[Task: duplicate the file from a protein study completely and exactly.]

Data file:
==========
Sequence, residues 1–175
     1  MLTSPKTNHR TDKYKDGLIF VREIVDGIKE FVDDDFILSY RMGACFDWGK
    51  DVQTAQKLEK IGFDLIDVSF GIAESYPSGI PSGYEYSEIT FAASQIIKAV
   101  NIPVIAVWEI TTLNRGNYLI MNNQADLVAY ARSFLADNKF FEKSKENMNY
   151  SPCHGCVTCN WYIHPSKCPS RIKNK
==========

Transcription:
Sequence, residues 1–175
     1  MLTSPKTNHR TDKYKDGLIF VREIVDGIKE FVDDDFILSY RMGACFDWGK
    51  DVQTAQKLEK IGFDLIDVSF GIAESYPSGI PSGYEYSEIT FAASQIIKAV
   101  NIPVIAVWEI TTLNRGNYLI MNNQADLVAY ARSFLADNKF FEKSKENMNY
   151  SPCHGCVTCN WYIHPSKCPS RIKNK